As evidence that an animal qualifies as a service animal, an air carrier must accept identification cards, other written documentation, presence of harnesses, tags, or the credible verbal assurances of the passenger with the disability using the animal.66 If an air carrier is not certain of the animal’s status, even after being told that an animal is a service animal, additional questions may be asked, including: “What tasks or functions does your animal perform for you?,” “What has the animal been trained to do for you?,” and “Would you describe how the animal performs this task or function for you?’’
For emotional support or psychiatric service animals, air carriers may request very specific diagnostic documentation 48 hours in advance of a flight. The documentation must be 1) current (not be more than one year old); 2) be on letterhead from a licensed mental health professional; 3) must state that the person has a mental or emotional disability recognized in the Diagnostic and Statistical Manual of Mental Disorders (DSM IV); and 4) state that the animal is needed as an accommodation for air travel or for activity at the individual’s destination. The documentation should also state that the health professional is treating the individual and include the date and type of the mental health professional’s license and the state or other jurisdiction in which it was issued. It does not need to state the individual’s diagnosis.67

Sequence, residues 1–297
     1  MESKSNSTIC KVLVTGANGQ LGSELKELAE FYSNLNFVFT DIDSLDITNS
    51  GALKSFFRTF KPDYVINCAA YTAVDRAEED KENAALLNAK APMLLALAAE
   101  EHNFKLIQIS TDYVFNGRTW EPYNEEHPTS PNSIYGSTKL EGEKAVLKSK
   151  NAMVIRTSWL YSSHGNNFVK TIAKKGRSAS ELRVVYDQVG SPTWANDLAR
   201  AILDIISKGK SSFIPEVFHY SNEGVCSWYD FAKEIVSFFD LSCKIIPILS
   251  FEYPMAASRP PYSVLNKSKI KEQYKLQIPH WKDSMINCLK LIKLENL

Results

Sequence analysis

Unusual animals such as miniature horses, pigs, and monkeys may be allowed to travel as service animals.68 To determine whether the animal will be allowed in the cabin, the air carrier may take into account the animal’s size, weight, and whether the animal would pose a direct threat to the health or safety of others, or cause a significant disruption in cabin service. If the animal would pose or cause any of these things, the animal may have to travel in the cargo hold. In addition, if there are restrictions on any of these animals at the final destination point of travel, the animal may not be allowed to fly at all. Other unusual animals such as snakes, other reptiles, ferrets, rodents, and spiders may be denied boarding as they may pose other safety and public health concerns. Foreign carriers are required to transport only dogs as service animals.69
Service animals cannot be denied passage because other passengers are offended or annoyed by animals.70 Any service animal may be denied boarding privileges if the animal barks, growls, jumps on people or misbehaves in ways that indicate the animal has not been trained to behave properly in public settings, poses a direct threat to the health and safety of others, or poses a significant risk of disruption of cabin service.71